We’ve all seen the tense scene in a war movie where the order has come down to launch the nuclear missiles. The captain and his first officer each take out a special key they’ve had around their neck the whole time. Then they both insert their individual keys into the weapons computer and turn simultaneously. Despite being a popular motif, this is a real policy implemented by many military organizations, including the U.S. Air Force. Once you think about it this kind of policy is obvious, one person shouldn’t be able to launch nuclear weapons on their own. Trustworthy is like having a two-man rule for your data.
How it works
Once you have installed trustworthy, the first step is to generate a new master key. This key is never stored anywhere on disk but is instead derived from at least two user keys.
$ trustworthy init Creating a new master key with 2 keys Username: user1 Password: Password (again): Key user1 added Username: user2 Password: Password (again): Key user2 added Created trustworthy.yml
This command will generate the key in the background and then split it using Shamir’s Secret Sharing Algorithm. You can then use trustworthy to encrypt and decrypt files using this master key.
$ trustworthy encrypt secret.txt Username: user1 Password: Unlocked user1 Username: user2 Password: Unlocked user2 Reconstructed master key Encrypted secret.txt to secret.txt.tw
Additional users can be added provided two current users unlock the master key to do so.
$ trustworthy add-key Adding a new key to master key Username: user1 Password: Unlocked user1 Username: user2 Password: Unlocked user2 Reconstructed master key Username: user3 Password: Password (again): Added user3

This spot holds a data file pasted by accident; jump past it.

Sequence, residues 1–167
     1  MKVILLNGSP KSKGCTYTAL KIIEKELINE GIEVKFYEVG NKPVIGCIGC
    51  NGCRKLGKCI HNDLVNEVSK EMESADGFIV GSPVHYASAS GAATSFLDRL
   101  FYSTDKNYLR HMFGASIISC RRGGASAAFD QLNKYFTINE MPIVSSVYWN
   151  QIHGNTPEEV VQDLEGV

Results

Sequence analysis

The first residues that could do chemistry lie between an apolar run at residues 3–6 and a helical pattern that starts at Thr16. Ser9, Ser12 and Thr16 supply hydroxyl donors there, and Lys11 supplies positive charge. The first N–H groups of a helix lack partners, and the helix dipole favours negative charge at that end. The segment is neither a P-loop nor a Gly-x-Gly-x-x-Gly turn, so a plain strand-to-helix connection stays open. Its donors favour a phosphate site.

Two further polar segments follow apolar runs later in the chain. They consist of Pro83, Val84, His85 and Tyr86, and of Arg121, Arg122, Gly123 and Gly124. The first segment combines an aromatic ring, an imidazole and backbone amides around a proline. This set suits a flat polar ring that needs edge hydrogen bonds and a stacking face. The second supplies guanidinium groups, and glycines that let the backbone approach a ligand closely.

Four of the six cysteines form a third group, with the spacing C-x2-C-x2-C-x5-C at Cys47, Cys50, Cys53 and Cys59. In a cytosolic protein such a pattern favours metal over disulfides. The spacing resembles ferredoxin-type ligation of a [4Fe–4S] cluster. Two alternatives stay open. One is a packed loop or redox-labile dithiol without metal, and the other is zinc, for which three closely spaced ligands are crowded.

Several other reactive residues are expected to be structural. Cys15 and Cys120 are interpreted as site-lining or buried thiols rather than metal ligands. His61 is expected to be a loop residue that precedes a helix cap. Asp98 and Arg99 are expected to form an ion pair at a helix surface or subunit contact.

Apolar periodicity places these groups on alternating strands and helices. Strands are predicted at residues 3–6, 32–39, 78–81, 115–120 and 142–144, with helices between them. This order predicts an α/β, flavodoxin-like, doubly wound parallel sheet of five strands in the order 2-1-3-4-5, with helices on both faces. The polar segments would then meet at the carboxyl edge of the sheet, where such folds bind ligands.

Shamir’s Secret Sharing Algorithm
The algorithm behind trustworthy is incredibly simple and requires nothing more than a high school understanding of algebra. Trustworthy uses Shamir’s Secret Sharing algorithm to split a master key between two users. In general, Shamir’s Secret Sharing algorithm uses a polynomial as the master key. Each user is given a unique point along that polynomial that can be used to reconstruct the master key at a later point. Trustworthy implements the most basic form of Shamir’s Secret Sharing algorithm, polynomials of degree one.
If you think back to high school you might remember the slope intercept form
y = mx + b which defines a line. The y-intercept,
b, is used by trustworthy as the master key.
In this example, Alice is given the point
10, 21, and Bob is given
40, 9. By themselves, neither Alice nor Bob can figure out the y-intercept. However, once they come together, they can recompute the line and easily derive the y-intercept
40. To protect the points along of the line, trustworthy encrypts the data using a user supplied password. At runtime the user provides the password so that the point can first be decrypted.
If you think of a new feature or happen to find a bug feel free to open an issue on GitHub.